On 12 May 2002, a hangar roof at the Baikonur Cosmodrome in Kazakhstan collapsed because of a structural failure due to poor maintenance. The collapse killed eight workers and destroyed one of the Buran-class orbiters (Buran, orbiter 1K), which flew the test flight in 1988, as well as a mock-up of an Energia booster rocket. It was not clear to outsiders at the time which orbiter was destroyed and the BBC reported that it was just "a model" of the orbiter.[47] It occurred at the MIK RN/MIK 112 building at Site 112 of the Baikonur Cosmodrome, 14 years after the only Buran flight. Work on the roof had begun for a maintenance project, whose equipment is thought to have contributed to the collapse, together with heavy rainfall in the days preceding the collapse.[8][48]

List of vehicles[edit]

Five orbiters were planned to be built (designated 1K-5K, K stands for Корабль, 'craft, flying article'), with hull numbering starting with 1 or 2 (e.g. 1.01), two originally ordered in 1970s and three ("second series") additionally ordered in 1983.[citation needed]

For research and testing purposes, several test articles were produced, designated 1M-8M (M stands for Макет, 'mock-up'), with hull numbering starting with 0 (e.g. 0.02). The programme prefix OK stands for Орбитальный Корабль, 'Orbital Vehicle' and carries the GRAU index number 11F35.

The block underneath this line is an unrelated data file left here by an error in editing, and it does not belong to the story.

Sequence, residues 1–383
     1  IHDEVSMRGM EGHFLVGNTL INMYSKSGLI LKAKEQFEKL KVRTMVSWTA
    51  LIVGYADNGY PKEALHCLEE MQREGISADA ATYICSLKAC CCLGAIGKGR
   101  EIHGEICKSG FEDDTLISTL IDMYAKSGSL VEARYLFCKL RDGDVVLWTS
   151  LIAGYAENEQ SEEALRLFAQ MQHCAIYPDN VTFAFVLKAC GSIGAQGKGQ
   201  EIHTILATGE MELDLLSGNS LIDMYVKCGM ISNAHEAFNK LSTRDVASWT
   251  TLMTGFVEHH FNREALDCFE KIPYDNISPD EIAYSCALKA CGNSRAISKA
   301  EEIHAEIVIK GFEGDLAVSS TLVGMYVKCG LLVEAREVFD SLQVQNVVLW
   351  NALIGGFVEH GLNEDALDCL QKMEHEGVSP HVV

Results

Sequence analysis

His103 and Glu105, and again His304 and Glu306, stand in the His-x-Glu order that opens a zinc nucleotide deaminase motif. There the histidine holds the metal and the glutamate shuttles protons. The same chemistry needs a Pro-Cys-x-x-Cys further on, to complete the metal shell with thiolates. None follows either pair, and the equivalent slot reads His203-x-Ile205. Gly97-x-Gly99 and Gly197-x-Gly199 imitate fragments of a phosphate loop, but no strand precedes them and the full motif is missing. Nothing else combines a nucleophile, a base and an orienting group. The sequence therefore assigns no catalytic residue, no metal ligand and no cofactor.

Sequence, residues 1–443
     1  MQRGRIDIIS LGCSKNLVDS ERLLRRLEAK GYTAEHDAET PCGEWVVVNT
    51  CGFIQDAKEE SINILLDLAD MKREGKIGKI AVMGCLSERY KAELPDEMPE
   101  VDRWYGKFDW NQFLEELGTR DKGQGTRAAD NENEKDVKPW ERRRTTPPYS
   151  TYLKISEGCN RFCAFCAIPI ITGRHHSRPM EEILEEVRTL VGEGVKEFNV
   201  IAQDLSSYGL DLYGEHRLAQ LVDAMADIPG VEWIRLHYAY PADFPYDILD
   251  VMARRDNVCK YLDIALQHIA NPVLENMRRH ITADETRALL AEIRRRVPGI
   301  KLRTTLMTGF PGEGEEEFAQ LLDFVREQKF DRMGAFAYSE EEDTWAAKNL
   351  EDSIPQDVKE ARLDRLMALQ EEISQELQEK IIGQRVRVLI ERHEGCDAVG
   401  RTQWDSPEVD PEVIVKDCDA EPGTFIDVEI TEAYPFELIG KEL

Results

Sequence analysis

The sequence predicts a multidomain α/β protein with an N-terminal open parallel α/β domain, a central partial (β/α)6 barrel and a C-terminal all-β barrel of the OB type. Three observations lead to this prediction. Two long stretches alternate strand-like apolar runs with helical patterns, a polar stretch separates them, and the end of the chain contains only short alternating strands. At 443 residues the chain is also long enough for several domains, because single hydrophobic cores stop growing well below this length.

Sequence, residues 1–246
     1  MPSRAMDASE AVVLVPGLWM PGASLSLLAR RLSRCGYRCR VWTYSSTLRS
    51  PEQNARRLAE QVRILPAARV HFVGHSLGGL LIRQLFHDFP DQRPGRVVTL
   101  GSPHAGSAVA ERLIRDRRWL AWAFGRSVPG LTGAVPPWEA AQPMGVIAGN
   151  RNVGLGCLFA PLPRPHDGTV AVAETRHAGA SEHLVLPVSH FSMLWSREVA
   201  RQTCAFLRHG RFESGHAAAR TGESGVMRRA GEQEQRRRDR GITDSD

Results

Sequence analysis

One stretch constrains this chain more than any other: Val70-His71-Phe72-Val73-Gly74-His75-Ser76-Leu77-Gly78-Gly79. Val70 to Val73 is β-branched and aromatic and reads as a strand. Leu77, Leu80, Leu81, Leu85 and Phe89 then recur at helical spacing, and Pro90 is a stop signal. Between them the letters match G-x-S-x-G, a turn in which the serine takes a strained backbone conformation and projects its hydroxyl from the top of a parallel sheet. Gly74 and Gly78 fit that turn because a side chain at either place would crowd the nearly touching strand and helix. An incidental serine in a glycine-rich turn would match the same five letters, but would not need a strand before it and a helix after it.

By 1991 two operational vehicles were delivered to Baikonur, three others were under construction at the Tushino Machine-Building Plant (TMZ) near Moscow.

Most of the geo-locations below show the orbiter bodies on the ground; in some cases Google Earth's History facility is required to see the orbiter within the dates specified.[49][50]

Name Function Location Image Geo-location Approximate dates Notes
Flight orbiters
First flight article, first spaceplane series Baikonur Cosmodrome Site 110/37 (L) at Baikonur [1] 1988
45°57′53″N 63°18′18″E / 45.96486°N 63.30496°E / 45.96486; 63.30496 (Buran 1K 1.01 (15 November 1988)) Spaceplane not visible; no available satellite photos 15 November 1988 Built in 1986, only flightworthy orbiter. Launched on an uncrewed, remote controlled flight; two orbits and landing (with heavy crosswinds and a self-initiated approach direction change) at Yubileiniy (Jubilee) Airport, Baikonur.
MIK building, Baikonur Cosmodrome, Kazakhstan [2] 2002 45°55′39″N 63°17′51″E / 45.92750°N 63.29761°E / 45.92750; 63.29761 (Buran 1K 1.01 (1988 to 2002)) Spaceplane not visible; shadows 1988 to 2002 Housed in MIK building in area 112, Baikonur with an Energia booster mockup and other Energia hardware, destroyed in a roof collapse on 12 May 2002, which killed eight workers.


Second flight article, first series, 95–97% complete MIK building, Baikonur Cosmodrome, Kazakhstan [3] 45°55′42″N 63°17′53″E / 45.92836°N 63.29809°E / 45.92836; 63.29809 (Ptichka 2K 1.02 (1988 to 1995)) Shuttle not visible, in building 1988 to 1995 Built in 1988, housed adjacent to Buran.
MZK building 80, area 112a, Baikonur [4] 2015
45°56′26″N 63°19′06″E / 45.94046°N 63.31841°E / 45.94046; 63.31841 (Ptichka 2K 1.02 (1995 to present)) Spaceplane not visible; in building 1995 to present Often erroneously referred to as "Ptichka" or "Burya".[51] Moved to the MZK in August 1995.[52] Reportedly property of Russian-Kazakh company Aelita since 2005.[53]


First flight article, second series, 30–50% complete Inside Tushino Plant, Moscow, Russia 1991 to 2006 Built 1991
Car park on Kimki Reservoir, near plant [5] 2007–2011 55°50′29″N 37°27′59″E / 55.84136°N 37.46625°E / 55.84136; 37.46625 (3K 2.01 (2006 to 2011)); use history 2006 to 2011 Moved outdoors